Megaupload Shut Down, Operators Charged

Jan 19, 2012 1:45 PM PST

WASHINGTON — Cyberlocker site Megaupload.com has been shut down and its operators have been charged in the U.S. with running an international organized criminal enterprise allegedly responsible for "massive worldwide online piracy" of numerous types of copyrighted works, including porn.

The U.S. Justice Department and FBI announced the indictments today after a multi-agency, multi-country investigation. The agencies said Megaupload.com and other related sites generated more than $175 million in criminal proceeds and caused more than $500 million in harm to copyright owners.

"This action is among the largest criminal copyright cases ever brought by the U.S. and directly targets the misuse of a public content storage and distribution site to commit and facilitate intellectual property crime," the agencies said in a joint statement.

The individuals and two corporations — Megaupload Ltd. and Vestor Ltd. —were indicted by a grand jury in Virginia on Jan. 5, the agencies said.

Charges include in engaging in a racketeering conspiracy, conspiring to commit copyright infringement, conspiring to commit money laundering and two substantive counts of criminal copyright infringement.

The individuals each face a maximum penalty of 20 years in prison on the charge of conspiracy to commit racketeering, five years in prison on the charge of conspiracy to commit copyright infringement, 20 years in prison on the charge of conspiracy to commit money laundering and five years in prison on each of the substantive charges of criminal copyright infringement.

The indictment alleges that the criminal enterprise is led by Kim Dotcom, aka Kim Schmitz, and Kim Tim Jim Vestor, 37, a resident of both Hong Kong and New Zealand.

Dotcom founded Megaupload Ltd. and is the director and sole shareholder of Vestor Ltd., which has been used to hold his ownership interests in the Mega-affiliated sites, including Megarotic.com, Megaporn.com, Megavideo.com and Megaclick.com, the agencies said.

In addition, the following alleged employees of the alleged conspiracy were charged in the indictment, including Finn Batato, 38, a citizen and resident of Germany, who is the chief marketing officer; Julius Bencko, 35, a citizen and resident of Slovakia, who is the graphic designer; Sven Echternach, 39, a citizen and resident of Germany, who is the head of business development; and Mathias Ortmann, 40, a citizen of Germany and resident of both Germany and Hong Kong, who is the chief technical officer, co-founder and director.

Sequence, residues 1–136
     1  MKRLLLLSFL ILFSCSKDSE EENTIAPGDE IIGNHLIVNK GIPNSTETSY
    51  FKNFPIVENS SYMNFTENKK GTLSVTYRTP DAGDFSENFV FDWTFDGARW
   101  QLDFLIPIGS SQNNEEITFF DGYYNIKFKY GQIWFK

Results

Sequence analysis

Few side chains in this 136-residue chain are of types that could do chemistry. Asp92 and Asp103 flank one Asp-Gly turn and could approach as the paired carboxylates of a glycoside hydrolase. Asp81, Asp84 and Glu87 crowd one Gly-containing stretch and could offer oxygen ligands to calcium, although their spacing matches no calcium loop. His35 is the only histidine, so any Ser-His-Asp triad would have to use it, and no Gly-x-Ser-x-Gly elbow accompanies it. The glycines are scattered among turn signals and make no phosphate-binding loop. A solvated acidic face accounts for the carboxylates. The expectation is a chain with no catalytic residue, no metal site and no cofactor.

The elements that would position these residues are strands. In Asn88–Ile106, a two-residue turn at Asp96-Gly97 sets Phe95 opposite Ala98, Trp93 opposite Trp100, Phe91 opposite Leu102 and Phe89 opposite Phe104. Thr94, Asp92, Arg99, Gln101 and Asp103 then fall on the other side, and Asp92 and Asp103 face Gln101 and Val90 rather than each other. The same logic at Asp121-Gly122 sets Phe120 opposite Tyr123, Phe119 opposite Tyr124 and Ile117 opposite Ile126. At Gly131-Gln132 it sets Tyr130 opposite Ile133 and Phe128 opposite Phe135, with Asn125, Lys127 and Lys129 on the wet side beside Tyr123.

Also charged were Andrus Nomm, 32, a citizen of Estonia and resident of both Turkey and Estonia, who is a software programmer and head of the development software division; and Bram van der Kolk, aka Bramos, 29, a Dutch citizen and resident of both the Netherlands and New Zealand, who oversees programming and the underlying network structure for the Mega conspiracy websites.

Dotcom, Batato, Ortmann and van der Kolk were arrested today in Auckland, New Zealand, by New Zealand authorities, who executed provisional arrest warrants requested by the U.S. Bencko, Echternach and Nomm remain at large.

Today, law enforcement also executed more than 20 search warrants in the U.S. and eight countries, seized approximately $50 million in assets, and targeted sites where Megaupload has servers in Ashburn, Va., Washington, the Netherlands and Canada.

In addition, the U.S. District Court at Alexandria, Va., ordered the seizure of 18 domain names associated with the alleged conspiracy.

According to the indictment, for more than five years the conspiracy has operated websites that unlawfully reproduce and distribute infringing copies of copyrighted works, including movies — often before their theatrical release — music, television programs, electronic books, and business and entertainment software on a massive scale.

The conspirators’ content hosting site, Megaupload.com, is advertised as having more than one billion visits to the site, more than 150 million registered users, 50 million daily visitors, and accounting for four percent of the total traffic on the Internet, the agencies said.